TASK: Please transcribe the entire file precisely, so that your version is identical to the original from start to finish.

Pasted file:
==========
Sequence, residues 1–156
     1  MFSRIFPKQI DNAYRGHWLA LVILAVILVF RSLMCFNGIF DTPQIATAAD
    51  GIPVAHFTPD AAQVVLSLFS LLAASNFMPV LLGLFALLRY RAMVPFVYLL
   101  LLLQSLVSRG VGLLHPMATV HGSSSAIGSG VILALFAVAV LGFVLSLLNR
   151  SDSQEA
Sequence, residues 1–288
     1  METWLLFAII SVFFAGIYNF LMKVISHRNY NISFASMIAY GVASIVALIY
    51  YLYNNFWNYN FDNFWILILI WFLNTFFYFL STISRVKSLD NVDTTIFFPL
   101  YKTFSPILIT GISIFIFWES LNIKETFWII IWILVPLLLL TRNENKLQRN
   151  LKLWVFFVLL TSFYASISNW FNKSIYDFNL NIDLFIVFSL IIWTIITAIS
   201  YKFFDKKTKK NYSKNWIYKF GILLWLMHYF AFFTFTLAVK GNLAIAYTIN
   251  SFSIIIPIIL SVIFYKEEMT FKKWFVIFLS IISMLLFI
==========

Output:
Sequence, residues 1–156
     1  MFSRIFPKQI DNAYRGHWLA LVILAVILVF RSLMCFNGIF DTPQIATAAD
    51  GIPVAHFTPD AAQVVLSLFS LLAASNFMPV LLGLFALLRY RAMVPFVYLL
   101  LLLQSLVSRG VGLLHPMATV HGSSSAIGSG VILALFAVAV LGFVLSLLNR
   151  SDSQEA
Sequence, residues 1–288
     1  METWLLFAII SVFFAGIYNF LMKVISHRNY NISFASMIAY GVASIVALIY
    51  YLYNNFWNYN FDNFWILILI WFLNTFFYFL STISRVKSLD NVDTTIFFPL
   101  YKTFSPILIT GISIFIFWES LNIKETFWII IWILVPLLLL TRNENKLQRN
   151  LKLWVFFVLL TSFYASISNW FNKSIYDFNL NIDLFIVFSL IIWTIITAIS
   201  YKFFDKKTKK NYSKNWIYKF GILLWLMHYF AFFTFTLAVK GNLAIAYTIN
   251  SFSIIIPIIL SVIFYKEEMT FKKWFVIFLS IISMLLFI